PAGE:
As I walked into the building, I felt like a pilgrim from the Middle Ages entering a cathedral. I was in awe and a bit of shock wondering if I would fit into an “institution” like the Media Lab and MIT.
After a day of non-stop meetings with a bunch of the faculty and students, I realized that I’d found my tribe. Everyone was super-smart, driven, working on very cool stuff. They weren’t afraid to try anything. There was extreme diversity but also a common DNA. I felt a sense of mission that seemed driven by the physical proximity created by the space and the empowering brand and legacy of the Media Lab. It created a power to think long-term with agility that I’d never seen anywhere else.
People talked matter-of-factly about getting sensors from this lab, maybe we need a tissue scientist, and robots from that lab, and visualization from this lab to take this research in this other direction.
It was a firehouse of interconnections and creativity – I was completely energized and felt totally in my element. …
I had created a life for myself that was scattered across non-profits, venture startups, relationships with large research institutions and networks of people all over the world in my search for long-term yet agile solutions.
John Seely Brown often talks about ‘The Power of Pull’ – how instead of stocking assets and resources, we should pull them, as we need them. Instead of pushing intelligence, orders and ‘stuff’ from the center, one should create a context where we can pull them from our networks. Instead of planning every detail, one could embrace serendipity and chart a general trajectory, pulling the things together in a highly contextual and agile way.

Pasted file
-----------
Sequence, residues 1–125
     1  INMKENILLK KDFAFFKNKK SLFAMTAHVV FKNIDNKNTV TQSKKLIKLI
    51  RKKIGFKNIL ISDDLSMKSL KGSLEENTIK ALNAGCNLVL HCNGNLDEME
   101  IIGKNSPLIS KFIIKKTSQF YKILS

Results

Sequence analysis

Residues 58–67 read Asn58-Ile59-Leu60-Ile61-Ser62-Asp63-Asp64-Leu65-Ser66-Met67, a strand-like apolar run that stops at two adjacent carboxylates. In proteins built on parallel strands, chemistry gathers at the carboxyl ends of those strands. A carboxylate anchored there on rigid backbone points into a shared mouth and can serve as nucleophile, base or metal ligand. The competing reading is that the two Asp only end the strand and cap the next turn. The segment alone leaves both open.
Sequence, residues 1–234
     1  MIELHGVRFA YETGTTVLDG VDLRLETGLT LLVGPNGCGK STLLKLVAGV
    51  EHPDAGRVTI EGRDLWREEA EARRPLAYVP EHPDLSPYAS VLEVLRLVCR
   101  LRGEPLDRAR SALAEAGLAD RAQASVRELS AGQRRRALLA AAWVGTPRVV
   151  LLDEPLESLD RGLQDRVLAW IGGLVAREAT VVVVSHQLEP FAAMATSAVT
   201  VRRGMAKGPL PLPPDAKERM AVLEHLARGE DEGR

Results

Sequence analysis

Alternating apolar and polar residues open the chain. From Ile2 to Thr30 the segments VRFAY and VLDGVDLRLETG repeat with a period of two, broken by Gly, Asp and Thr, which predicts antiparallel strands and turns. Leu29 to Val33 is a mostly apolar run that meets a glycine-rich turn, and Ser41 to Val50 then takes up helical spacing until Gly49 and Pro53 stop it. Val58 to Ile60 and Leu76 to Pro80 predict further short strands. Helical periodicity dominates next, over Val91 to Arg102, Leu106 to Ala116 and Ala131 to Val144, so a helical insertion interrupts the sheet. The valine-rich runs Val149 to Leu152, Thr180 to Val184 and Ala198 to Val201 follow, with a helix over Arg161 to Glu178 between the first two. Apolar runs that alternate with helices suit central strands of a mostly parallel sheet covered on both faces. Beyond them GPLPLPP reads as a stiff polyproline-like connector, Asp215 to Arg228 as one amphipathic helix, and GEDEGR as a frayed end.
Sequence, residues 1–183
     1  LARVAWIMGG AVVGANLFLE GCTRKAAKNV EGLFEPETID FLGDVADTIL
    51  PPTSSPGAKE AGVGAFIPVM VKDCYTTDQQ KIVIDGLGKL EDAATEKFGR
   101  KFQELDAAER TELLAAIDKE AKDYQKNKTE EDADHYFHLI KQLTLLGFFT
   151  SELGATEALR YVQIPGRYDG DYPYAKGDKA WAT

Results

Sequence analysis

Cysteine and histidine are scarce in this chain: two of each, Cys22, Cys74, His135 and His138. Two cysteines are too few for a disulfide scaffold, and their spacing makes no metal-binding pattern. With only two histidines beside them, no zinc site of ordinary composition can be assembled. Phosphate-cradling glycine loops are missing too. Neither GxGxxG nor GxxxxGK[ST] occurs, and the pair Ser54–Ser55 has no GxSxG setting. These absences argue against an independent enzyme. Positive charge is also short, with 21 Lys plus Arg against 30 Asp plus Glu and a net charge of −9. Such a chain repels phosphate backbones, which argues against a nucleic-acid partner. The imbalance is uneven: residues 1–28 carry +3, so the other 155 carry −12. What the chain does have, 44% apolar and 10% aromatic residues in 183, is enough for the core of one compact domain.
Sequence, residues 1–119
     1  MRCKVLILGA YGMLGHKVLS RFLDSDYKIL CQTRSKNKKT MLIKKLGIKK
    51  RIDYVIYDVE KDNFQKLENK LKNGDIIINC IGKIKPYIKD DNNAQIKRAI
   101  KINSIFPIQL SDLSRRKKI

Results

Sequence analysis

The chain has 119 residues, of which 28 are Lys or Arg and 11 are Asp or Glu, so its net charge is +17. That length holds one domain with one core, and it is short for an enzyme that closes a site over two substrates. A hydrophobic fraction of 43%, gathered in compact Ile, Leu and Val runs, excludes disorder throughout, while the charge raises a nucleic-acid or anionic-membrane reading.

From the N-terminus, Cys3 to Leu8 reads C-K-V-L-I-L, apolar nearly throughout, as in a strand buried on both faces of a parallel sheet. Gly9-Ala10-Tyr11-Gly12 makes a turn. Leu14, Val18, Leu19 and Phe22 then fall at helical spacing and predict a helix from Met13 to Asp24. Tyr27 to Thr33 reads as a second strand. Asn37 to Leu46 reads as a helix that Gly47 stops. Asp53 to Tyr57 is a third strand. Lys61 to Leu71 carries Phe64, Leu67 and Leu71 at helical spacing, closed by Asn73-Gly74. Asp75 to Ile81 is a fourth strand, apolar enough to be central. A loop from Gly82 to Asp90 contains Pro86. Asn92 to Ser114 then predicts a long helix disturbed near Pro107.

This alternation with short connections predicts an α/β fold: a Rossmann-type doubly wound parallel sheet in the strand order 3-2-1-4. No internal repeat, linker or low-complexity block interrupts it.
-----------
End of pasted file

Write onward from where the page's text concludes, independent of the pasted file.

The Media Lab seemed like it had all of the right elements to tackle this problem and attract all of those people like us who thrive in the chaos and complexity that scares most people away.
A mandate to think creatively, super bright individuals working at their edge, surprising juxtapositions, diversity yet commonality of purpose. These all seem to be important elements of scenius.
Pierre Teilhard de Chardin is one of the most influential Evolutionaries of the twentieth century. His vision for humanity’s role in the grand story of evolution has inspired countless individuals, many of whom have appeared on the pages of EnlightenNext magazine. One of the most interesting examples is human potential pioneer Jean Houston, who befriended Teilhard after a chance encounter in Central Park in 1951 when she was fourteen years old. In the following excerpt from an EnlightenNext interview, Houston describes an exchange with “Mr. Tayer,” as she called him, in which he shares his spiritual interpretation of evolution:
“We need to have more specialists in spirit who will lead people into self-discovery,” he told me.
“What do you mean, Mr. Tayer?”
He said—and this is exactly what he said; I was taking notes because I knew I was in the presence of greatness—”We are being called into metamorphosis, into a far higher order, and yet we often act only from a tiny portion of ourselves. It is necessary that we increase that portion. But do not think for one minute, Jean, that we are alone in making that possible. We are part of a cosmic evolutionary movement that inspires us to unite with God. This is the lightning flash for all our potentialities. This is the great originating cause of all our shifts and changes. Without it there is nothing but struggle and decline.”